Pregnancy

Bigotry Keeps Lesbian Couples From Using IVF In Australia

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IVFHere in the US, in vitro fertilization might keep you from working at a Catholic school, but it’s still mostly a decision between a woman and her doctor. As long as a lady can afford the high costs, she has the right to utilize IVF to have a child. Honestly, it’s a fact that I seem to have taken for granted. I just assumed that every country allowed women access to reproductive technology should they choose to go down that path.

And I was very wrong.

AdelaideNow, an Australian news agency, is reporting on serious debate going on in the Australian Parliament as to whether single women or lesbian couples should be allowed access to in vitro fertilization. Currently, only certain women are allowed to use all the medical technologies available. As the Reproductive Technology Council of Western Australia states clearly, “If you are a fertile single woman, or a fertile woman in a same sex or heterosexual relationship, you are not eligible to access in vitro fertilisation procedures. IVF is accessible in cases where a woman or a couple is unable to conceive due to medical reasons or where a couple or a woman’s child is likely to be affected by a genetic abnormality or a disease.”

Thankfully, a lawmaker in Australia is named Ian Hunter has introduced a Bill to Parliament to update these antiquated restrictions. However, he’s experiencing some debate from members of Parliament who claim that allowing single women or lesbian couples to use IVF is “undermining the fabric of society … undermining the family unit as it has traditionally been known”. One opponent, Martin Hamilton-Smith, says that he’s standing up for the father’s role in childrearing.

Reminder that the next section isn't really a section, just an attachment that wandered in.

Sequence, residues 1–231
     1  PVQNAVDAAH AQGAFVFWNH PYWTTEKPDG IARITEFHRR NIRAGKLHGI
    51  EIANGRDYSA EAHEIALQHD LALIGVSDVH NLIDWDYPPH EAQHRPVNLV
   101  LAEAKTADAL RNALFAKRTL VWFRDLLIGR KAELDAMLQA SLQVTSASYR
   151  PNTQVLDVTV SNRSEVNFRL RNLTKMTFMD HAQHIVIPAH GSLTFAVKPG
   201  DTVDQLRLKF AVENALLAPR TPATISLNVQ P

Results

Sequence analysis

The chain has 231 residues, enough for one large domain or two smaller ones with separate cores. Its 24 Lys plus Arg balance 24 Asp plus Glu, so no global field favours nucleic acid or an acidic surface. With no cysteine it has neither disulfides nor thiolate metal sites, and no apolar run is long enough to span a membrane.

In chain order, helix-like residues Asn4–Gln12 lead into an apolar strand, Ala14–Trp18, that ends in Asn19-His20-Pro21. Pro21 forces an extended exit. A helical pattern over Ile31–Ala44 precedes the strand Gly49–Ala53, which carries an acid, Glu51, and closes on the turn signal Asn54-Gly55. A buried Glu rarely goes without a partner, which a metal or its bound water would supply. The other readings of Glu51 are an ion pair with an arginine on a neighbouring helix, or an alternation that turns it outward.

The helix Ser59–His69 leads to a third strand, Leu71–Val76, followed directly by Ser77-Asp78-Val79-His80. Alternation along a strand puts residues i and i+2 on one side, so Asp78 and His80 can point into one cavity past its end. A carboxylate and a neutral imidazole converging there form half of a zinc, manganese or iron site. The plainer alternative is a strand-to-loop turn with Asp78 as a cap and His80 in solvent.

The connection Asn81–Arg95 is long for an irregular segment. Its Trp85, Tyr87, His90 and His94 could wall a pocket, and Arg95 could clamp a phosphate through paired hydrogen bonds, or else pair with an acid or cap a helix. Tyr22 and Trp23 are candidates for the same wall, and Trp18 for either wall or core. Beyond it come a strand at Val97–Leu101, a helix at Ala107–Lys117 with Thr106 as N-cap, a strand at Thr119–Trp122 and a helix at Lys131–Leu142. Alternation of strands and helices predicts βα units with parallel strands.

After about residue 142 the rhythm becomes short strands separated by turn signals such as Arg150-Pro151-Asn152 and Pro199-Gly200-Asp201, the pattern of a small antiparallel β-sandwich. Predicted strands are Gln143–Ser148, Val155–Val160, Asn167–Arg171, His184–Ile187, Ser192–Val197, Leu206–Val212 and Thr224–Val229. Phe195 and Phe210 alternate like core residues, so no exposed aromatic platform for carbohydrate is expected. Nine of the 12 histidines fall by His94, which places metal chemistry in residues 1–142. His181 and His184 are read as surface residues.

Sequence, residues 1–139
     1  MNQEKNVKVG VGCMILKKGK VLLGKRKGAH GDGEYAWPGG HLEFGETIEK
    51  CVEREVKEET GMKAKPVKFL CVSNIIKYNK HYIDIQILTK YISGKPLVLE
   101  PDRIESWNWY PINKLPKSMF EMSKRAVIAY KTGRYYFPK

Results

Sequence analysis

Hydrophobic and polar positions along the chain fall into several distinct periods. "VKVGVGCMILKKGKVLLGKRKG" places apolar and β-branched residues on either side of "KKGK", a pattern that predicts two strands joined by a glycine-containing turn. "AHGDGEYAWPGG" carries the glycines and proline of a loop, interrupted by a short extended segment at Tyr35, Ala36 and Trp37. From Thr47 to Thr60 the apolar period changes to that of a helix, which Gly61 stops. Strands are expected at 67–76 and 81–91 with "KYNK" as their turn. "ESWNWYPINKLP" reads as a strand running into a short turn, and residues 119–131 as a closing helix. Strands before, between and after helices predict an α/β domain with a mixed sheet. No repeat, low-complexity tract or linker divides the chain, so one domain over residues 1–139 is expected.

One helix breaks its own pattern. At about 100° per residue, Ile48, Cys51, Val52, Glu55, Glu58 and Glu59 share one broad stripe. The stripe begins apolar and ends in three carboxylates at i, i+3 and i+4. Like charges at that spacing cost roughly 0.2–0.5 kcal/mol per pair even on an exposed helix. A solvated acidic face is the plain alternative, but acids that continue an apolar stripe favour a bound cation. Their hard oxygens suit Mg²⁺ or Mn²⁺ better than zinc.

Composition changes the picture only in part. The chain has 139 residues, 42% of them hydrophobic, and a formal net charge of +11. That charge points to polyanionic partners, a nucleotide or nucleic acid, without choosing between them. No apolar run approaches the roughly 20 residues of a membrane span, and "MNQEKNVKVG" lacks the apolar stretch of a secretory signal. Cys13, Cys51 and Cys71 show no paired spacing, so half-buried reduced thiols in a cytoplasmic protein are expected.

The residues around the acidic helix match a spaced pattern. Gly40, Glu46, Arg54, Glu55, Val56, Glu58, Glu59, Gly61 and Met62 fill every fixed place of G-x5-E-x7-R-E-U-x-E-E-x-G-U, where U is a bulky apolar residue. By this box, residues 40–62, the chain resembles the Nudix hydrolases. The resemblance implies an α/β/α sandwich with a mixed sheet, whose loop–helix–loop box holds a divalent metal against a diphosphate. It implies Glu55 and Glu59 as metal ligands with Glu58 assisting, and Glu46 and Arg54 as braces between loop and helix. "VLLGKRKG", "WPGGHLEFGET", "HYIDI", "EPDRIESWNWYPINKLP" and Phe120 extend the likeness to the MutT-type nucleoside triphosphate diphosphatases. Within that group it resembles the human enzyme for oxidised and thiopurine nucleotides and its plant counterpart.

Listen, I’m the first to say that fathers can be an important part of a child’s life. But that doesn’t mean that women can’t raise children without them. In fact, it happens all the time, whether a mom chose to use IVF or not. And those families just are as real and important as an family with a mom and a dad.

To combat this move towards equality for all families, Mr. Hamilton-Smith seems to be relying on some age-old stereotypes of single women who would dare to parent on their own. He insinuates that they are somehow selfish for choosing to love and care for a child without the support of a man. “They can decide to just go off and have a baby using IVF … I am just going to have this child; it is all about me … I think there is something wrong about that,” he said.

Even more upsetting than the arguments used, the opposition in Australia has some powerful support. The Catholic Archbishop of Adelaide is calling on other lawmakers to denounce the Bill because he says that a child’s rights should come before an adult’s desire to be a parent. “Children are entitled, whenever possible, to know, love and be cared for by both their mother and father,” says Archbishop Philip Wilson.

What all of these opponents seem to be forgetting is that their ideal family shouldn’t have a bearing on the law and how it treats its citizens. Whether or not they agree, every woman should have the right to decide when and if she wants to carry a baby. And every woman should be able to use the medical technology available in that pursuit if she so chooses.

IVF is not an easy or cheap process. It takes dedication, energy and an emotional resilience that is frankly admirable. But it’s also a choice that each and every mother, whether she’s single, in a same-sex or hetero relationship, should get to make for themselves. The fact that lawmakers are restricting women’s abilities to have children is horrible. The idea that they’re doing it in the name of “family values” is downright appalling.

(Photo: somersault18:24/Shutterstock)